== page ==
As the 1960s drew to a close, St. Louis boasted warehouses owned by four major salt companies: Gunther Salt Co., Morton Salt Co., International Salt Co., and Hardy Salt Co.
1970s to Present Day
In the early 1970s, Gunther Salt was approached by Diamond Crystal Salt Company of St. Clair, Michigan to be the exclusive distributor for their products in a wide geographic area of the Midwest. Gunther Salt agreed, entering into a ten-year arrangement that would prove both beneficial and profitable. It also represented the first time the company marketed products that didn't carry the Gunther brand identity.
The 1980s saw consolidation in the salt industry. St. Louis-based Hardy Salt was acquired by Diamond Crystal Salt, which was itself then acquired by International Salt. Soon, International Salt was purchased by the Dutch chemical company, Akzo. A Louisiana rock salt mine that had been developed jointly by Carey Salt Company and Monsanto was acquired by Domtar, a Canadian chemical company; the purchase price of the mine was $9 million. Before the end of the decade, Akzo's U.S. salt business was acquired by Cargill.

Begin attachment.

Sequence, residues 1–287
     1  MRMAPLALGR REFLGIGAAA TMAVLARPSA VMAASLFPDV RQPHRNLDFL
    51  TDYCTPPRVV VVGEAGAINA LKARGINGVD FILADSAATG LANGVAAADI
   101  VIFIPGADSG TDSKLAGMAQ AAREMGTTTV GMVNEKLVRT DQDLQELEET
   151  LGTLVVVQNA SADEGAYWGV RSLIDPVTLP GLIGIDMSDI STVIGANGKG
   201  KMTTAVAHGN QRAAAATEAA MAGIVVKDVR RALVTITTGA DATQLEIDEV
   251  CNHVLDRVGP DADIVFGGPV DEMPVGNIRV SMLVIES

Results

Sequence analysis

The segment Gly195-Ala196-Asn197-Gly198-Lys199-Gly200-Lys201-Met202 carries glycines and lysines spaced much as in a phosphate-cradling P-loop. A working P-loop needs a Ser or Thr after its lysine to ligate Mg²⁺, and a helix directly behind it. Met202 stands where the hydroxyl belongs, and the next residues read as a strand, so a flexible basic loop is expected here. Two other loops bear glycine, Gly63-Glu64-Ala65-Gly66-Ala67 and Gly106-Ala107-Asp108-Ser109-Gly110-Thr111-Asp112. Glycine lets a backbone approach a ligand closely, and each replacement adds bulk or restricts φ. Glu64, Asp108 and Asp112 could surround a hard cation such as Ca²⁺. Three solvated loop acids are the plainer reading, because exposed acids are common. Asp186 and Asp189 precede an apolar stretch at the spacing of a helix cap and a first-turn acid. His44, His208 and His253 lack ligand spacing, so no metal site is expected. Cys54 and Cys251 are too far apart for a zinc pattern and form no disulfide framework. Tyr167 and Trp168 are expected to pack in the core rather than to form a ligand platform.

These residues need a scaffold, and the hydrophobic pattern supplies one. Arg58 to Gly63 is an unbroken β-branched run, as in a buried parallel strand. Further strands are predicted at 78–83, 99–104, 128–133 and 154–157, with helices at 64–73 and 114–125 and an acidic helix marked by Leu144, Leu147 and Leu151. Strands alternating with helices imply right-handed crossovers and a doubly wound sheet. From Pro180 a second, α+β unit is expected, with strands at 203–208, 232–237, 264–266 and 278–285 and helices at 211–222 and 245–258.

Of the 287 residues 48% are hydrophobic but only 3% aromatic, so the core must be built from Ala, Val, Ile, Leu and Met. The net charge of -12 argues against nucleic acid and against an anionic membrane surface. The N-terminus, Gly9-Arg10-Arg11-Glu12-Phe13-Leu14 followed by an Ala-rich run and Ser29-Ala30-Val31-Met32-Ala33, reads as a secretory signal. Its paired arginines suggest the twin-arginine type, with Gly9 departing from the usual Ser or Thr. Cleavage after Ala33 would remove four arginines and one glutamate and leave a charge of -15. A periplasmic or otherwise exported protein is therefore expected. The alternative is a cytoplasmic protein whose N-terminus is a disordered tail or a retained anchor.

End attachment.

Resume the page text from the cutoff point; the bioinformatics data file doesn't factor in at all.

The 80s saw a new player enter the market. This was entrepreneur George Harris, who created the new North American Salt Company out of an assemblage of assets comprising the American Salt Company evaporated plant in Kansas, the Louisiana Rock Salt mine owned by Domtar, and a solar salt producing plant at the Great Salt Lake.
By the mid-1990s, the surviving major national salt producers in the U.S. were Morton, Cargill, and North American. A smaller regional producer was United Salt Company of Houston, Texas (a privately-owned producer of evaporated salt and solar salt). The primary effect of this consolidation on Gunther Salt Company was that the number of its potential suppliers was reduced from five to three, which made for a more difficult competitive environment.